A viewpoint on evidence-based health informatics, based on a pilot survey on evaluation studies in health care informatics

J Am Med Inform Assoc. May-Jun 2007;14(3):368-71. doi: 10.1197/jamia.M2276. Epub 2007 Feb 28.

Abstract

Concerned about evidence-based health informatics, the authors conducted a limited pilot survey attempting to determine how many IT evaluation studies in health care are never published, and why. A survey distributed to 722 academics had a low response rate, with 136 respondents giving instructive comments on 217 evaluation studies. Of those studies, half were published in international journals, and more than one-third were never published. Reasons for not publishing (with multiple reasons per study possible) included: "results not of interest for others" (1/3 of all studies), "publication in preparation" (1/3), "no time for publication" (1/5), "limited scientific quality of study" (1/6), "political or legal reasons" (1/7), and "study only conducted for internal use" (1/8). Those reasons for non-publication in health informatics resembled those reported in other fields. Publication bias (preference for positive studies) did not appear to be a major issue. The authors believe that widespread application of guidelines in conducting health informatics evaluation studies and utilization of a registry for evaluation study results could improve the evidence base of the field.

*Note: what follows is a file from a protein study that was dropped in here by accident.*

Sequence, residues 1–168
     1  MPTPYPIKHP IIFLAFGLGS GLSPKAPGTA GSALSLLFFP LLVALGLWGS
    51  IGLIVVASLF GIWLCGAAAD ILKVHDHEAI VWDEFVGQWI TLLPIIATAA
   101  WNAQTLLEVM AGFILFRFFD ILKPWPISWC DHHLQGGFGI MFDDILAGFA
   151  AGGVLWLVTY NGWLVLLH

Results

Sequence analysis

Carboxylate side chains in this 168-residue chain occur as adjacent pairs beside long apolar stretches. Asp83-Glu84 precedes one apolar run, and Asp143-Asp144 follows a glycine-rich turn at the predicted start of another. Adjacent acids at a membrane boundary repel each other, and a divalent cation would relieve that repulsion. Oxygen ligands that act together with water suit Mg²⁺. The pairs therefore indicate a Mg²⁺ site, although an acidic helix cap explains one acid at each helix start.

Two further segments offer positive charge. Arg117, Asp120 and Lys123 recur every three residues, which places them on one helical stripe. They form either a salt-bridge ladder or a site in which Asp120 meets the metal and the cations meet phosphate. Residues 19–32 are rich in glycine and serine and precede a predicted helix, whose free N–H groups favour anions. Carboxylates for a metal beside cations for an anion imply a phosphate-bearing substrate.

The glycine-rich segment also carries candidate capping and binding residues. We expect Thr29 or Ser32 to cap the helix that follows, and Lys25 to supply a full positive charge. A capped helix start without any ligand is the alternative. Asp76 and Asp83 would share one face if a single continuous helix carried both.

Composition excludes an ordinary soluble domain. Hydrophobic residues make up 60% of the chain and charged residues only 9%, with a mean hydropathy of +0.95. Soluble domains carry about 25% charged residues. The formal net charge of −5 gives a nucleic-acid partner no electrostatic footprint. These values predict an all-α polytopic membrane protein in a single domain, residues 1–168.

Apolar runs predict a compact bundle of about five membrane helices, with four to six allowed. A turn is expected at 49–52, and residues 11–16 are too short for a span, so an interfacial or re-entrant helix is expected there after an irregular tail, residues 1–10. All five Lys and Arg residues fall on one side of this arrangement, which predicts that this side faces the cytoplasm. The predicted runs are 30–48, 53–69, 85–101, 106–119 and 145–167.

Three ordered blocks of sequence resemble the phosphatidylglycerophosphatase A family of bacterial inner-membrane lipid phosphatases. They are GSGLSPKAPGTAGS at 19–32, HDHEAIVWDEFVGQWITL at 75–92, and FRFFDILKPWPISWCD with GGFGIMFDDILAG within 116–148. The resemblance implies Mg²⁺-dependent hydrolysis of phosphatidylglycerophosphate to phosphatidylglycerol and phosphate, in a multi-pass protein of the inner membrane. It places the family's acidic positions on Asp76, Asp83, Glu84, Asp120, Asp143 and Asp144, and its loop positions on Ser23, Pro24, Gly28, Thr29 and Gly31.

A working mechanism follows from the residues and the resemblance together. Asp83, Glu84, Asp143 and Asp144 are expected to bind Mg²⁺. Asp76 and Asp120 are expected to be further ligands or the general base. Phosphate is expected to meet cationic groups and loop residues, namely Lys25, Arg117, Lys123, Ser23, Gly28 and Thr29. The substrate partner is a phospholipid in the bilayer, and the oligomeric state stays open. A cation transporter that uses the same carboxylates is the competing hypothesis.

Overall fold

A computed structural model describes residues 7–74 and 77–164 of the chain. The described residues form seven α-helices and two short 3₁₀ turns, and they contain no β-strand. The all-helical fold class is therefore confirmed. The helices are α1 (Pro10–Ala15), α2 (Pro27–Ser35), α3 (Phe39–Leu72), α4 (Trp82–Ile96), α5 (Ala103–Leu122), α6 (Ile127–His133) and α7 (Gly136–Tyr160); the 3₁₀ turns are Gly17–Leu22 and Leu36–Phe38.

MeSH terms

  • Bibliometrics*
  • Data Collection
  • Evaluation Studies as Topic*
  • Evidence-Based Medicine
  • Guidelines as Topic
  • Informatics*
  • Pilot Projects
  • Publication Bias
  • Publishing / statistics & numerical data*
  • Registries